When reading all these stories and others (there's plenty more where this came from) one has to wonder... How long before the politicians finally realize that their attempts to keep their country safe are actually hurting it where it counts.
I simply heard too many stories around me (not Internet mind you) about people who will "never go to the US on vacation and be treated like a criminal".
Speaking of that movie theatre shooting; the guy was in legal possession of the gun, even had a license for it.
Reminds of another thread...
Very mixed feelings
I don't use the webapps all that often but in all honesty I do admire them, even though they're limited when compared to the desktop apps.
As said; mixed feelings. I admire the stuff they did and the enhancements they implemented. Most of all we shouldn't forget that this is basically a free service which I also admire.
But having tried the new Word (in both SeaMonkey /and/ "as intended" in MSIE 9) I have very mixed feelings. I don't like the ALL CAPS TABS. Its too "loud", it draws my attention due to the ALL CAPS while it shouldn't do that IMO because "Low Caps" automatically make you pay a little more attention (IMO) to what you're doing.
I have Word open, I want to add stuff so I select: "Invoegen" ('Insert', my Word is localized). The '3d' and gradient (semi-transparent) look is enough to achieve the 'tabbed look'.
I have Word webapp open and in general the same applies. My backstage 'File' is blue and gradient, and the 'Insert' tab looks clean and neat. "Insert".
This new setup is too screaming to my liking. HOME INSERT PAGE LAYOUT VIEW.
Give me a break here!
As said; I don't use the webapps that often but sporadically. If this gets through then I'm pretty certain that I won't use the webapps ever again. The interface is flat, the tabs are SCREAMING and maybe its just me but the flat colour interface is plain out annoying to look at.
Current webapps: The paste icon is a yellow clipboard with a paper in front, selected options are in yellow while my overall theme is in blue (my file backstage tab is blue gradient). Because of the different colour its easy to spot the current selections.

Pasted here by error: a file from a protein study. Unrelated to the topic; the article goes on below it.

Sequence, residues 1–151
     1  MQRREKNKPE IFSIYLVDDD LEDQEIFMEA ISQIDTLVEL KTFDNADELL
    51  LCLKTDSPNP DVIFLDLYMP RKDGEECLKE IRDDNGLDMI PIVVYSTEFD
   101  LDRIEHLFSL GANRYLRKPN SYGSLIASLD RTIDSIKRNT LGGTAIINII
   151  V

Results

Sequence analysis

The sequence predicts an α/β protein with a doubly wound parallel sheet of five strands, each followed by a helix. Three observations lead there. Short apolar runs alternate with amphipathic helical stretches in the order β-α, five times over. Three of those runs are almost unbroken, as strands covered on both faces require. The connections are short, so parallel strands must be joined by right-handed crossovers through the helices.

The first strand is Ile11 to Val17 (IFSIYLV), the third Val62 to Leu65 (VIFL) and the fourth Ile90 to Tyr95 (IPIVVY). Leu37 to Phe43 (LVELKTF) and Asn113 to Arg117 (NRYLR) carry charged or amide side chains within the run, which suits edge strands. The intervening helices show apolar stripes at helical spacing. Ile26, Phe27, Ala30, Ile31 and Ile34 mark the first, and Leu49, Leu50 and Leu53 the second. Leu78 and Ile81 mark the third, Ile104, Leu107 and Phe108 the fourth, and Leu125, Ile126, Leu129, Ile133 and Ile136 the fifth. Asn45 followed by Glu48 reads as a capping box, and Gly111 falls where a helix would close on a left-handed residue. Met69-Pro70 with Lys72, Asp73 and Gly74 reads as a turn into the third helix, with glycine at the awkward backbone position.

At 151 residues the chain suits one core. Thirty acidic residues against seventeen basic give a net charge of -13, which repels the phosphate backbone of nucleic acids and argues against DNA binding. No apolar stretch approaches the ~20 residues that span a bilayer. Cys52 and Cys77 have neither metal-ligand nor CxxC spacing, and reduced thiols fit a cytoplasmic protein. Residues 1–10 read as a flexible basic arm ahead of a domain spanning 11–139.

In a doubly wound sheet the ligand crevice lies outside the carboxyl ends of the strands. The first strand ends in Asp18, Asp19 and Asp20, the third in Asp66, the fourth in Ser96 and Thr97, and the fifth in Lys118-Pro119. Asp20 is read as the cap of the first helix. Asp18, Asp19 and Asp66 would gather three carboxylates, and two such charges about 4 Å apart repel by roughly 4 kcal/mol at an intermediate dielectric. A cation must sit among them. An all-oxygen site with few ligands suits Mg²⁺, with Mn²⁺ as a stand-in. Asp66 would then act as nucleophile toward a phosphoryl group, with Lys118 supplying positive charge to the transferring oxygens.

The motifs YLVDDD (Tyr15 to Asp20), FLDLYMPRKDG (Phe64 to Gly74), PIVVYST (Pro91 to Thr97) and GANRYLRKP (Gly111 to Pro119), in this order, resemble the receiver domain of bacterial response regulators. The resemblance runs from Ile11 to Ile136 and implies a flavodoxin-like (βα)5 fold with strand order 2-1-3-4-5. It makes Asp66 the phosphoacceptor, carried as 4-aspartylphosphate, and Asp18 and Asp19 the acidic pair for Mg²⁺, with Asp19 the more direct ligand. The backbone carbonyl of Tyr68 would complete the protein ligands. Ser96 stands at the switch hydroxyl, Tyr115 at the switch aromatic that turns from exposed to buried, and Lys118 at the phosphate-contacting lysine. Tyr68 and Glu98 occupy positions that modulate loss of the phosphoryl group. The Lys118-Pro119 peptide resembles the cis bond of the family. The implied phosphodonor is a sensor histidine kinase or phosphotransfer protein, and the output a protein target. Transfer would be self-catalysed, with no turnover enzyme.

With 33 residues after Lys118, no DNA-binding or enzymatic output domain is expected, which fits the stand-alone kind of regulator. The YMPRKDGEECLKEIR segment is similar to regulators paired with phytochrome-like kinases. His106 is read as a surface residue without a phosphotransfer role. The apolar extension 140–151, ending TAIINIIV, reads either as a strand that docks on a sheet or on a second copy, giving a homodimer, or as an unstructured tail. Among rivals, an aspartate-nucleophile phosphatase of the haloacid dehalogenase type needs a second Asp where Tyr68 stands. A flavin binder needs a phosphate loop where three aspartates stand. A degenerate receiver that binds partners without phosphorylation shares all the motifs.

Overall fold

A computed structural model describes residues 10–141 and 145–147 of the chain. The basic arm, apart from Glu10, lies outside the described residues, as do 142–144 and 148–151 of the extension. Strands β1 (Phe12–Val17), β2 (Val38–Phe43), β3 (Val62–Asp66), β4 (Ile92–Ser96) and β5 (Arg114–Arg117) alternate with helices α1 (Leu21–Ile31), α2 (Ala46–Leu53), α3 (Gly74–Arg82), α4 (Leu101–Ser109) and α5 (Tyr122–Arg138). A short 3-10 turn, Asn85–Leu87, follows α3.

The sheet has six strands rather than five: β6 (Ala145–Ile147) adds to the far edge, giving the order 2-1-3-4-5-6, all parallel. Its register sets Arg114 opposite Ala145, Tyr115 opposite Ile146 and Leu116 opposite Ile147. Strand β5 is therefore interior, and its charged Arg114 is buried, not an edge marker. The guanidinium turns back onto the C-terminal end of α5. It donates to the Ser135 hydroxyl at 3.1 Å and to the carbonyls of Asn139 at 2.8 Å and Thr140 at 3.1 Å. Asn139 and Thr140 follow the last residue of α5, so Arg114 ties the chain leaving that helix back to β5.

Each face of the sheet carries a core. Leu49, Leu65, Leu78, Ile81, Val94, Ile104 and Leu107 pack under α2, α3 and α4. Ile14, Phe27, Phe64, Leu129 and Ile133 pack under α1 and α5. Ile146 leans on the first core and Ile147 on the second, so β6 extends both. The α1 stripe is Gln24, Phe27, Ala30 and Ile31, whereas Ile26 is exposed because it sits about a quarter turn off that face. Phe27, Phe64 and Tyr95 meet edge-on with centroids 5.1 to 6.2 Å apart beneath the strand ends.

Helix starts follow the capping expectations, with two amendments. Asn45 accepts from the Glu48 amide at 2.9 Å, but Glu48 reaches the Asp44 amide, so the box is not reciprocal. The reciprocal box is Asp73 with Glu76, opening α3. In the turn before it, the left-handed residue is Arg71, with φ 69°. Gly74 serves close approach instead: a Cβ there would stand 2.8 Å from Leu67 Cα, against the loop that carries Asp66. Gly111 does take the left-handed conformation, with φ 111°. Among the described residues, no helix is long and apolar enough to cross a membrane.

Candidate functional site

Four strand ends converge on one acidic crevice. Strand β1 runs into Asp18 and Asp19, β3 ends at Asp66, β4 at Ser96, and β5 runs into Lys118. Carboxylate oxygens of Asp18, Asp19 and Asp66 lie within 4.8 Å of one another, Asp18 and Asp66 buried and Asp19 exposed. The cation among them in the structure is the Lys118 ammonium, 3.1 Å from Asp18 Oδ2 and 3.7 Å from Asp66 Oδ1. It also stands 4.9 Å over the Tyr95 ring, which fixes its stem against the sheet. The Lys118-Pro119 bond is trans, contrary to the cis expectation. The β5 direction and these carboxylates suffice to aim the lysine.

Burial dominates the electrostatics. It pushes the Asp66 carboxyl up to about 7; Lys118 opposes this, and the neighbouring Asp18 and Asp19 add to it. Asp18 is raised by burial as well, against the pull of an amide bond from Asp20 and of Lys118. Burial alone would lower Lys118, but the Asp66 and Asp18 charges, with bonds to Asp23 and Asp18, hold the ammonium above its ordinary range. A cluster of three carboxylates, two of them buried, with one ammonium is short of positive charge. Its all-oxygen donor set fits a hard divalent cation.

New webapps: /Everything/ is in blue. Apart from the paste icon which all of a sudden looks flat and lame. But options such as alignment, font selection, its all blueish. The same colour as the overall theme which makes it /very/ easy to overlook because it all looks the same.
As such; mixed feelings. I admire the effort but I dislike the current interface quite heavily. Its too noisy.
Now, this is a bit of a troll but also a somewhat seriously meant post.
For the first time since MS went onto the stock market (around 1986) did they manage to book a loss of approx. 492 million dollar. The year before they managed to get a profit of 5,9 billion dollars. Sure; it could be due to investments, it could be due to lower sale rates.
Or is it possible that many people are bailing out with the idea of Metro ahead?
"Since when did BIGBOOBS become offensive anyways?"
When people found out the string wasn't setup by a female person, so they were left disappointed.
People lose faith
I think that covers it.
Personally I like working with both Win7 & Office 2010. I also think that adding Server 2003 into the mixture gives a pretty solid environment.
But would I have any shares of Microsoft I too would have sold them as soon as possible after the Office previews came about.
And before anyone goes off with: investments... (which by itself is a very reasonable point). Don't forget that a loss means it outweighs any foreseen investments + incoming profits (which is also a variable factor by itself). Unfair context but you could also reason that MS didn't get as much income as they anticipated.
My point being: if this were due to investments it would still indicate very poor leadership because you'd normally anticipate for that.
The more this story develops the more to I start to think we may see very drastic developments in the upcoming future.
Something I'm personally not looking forward to but heck... Their loss.
Actually what you're describing is only partly true.
Yes; you could easily create a midlet buy merely compiling your ME project in, say, NetBeans (personal favourite of mine). But with all the phones I worked with you could /not/ simply distribute it onto the phone like you could, for example, a war file onto a J2EE (Glassfish) server. Even if your phone would be recognized as USB storage.
Instead you had to make it available online, use the phone's browser to get to the program location (which always took /2/ files; one description explaining the whole online setup (you always needed to set this up /manually/) and the actual midlet itself) and only then would the midlet actually install.
I can't comment on Android because I don't use it, but its by /far/ as easy as some other development systems do this.
8 already ?
Now, maybe I'm being old fashioned here but iirc 7 was released only last year (2011). Right now the latest update is at 5 (SE 7u5) whereas its predecessor sits at SE6u33.
Isn't it a tad quick to move the whole thing to 8 already ?
"We want cheap tablets"
Even if it takes us thousands of pounds to find them; they can't hide and we'll find them!
Sad thing is that all fun put aside this is often the way it goes.. When the government gets something "cheap" its often a good idea to look at the investment (time, effort, money) it took to get there.
Facebook is all about the money...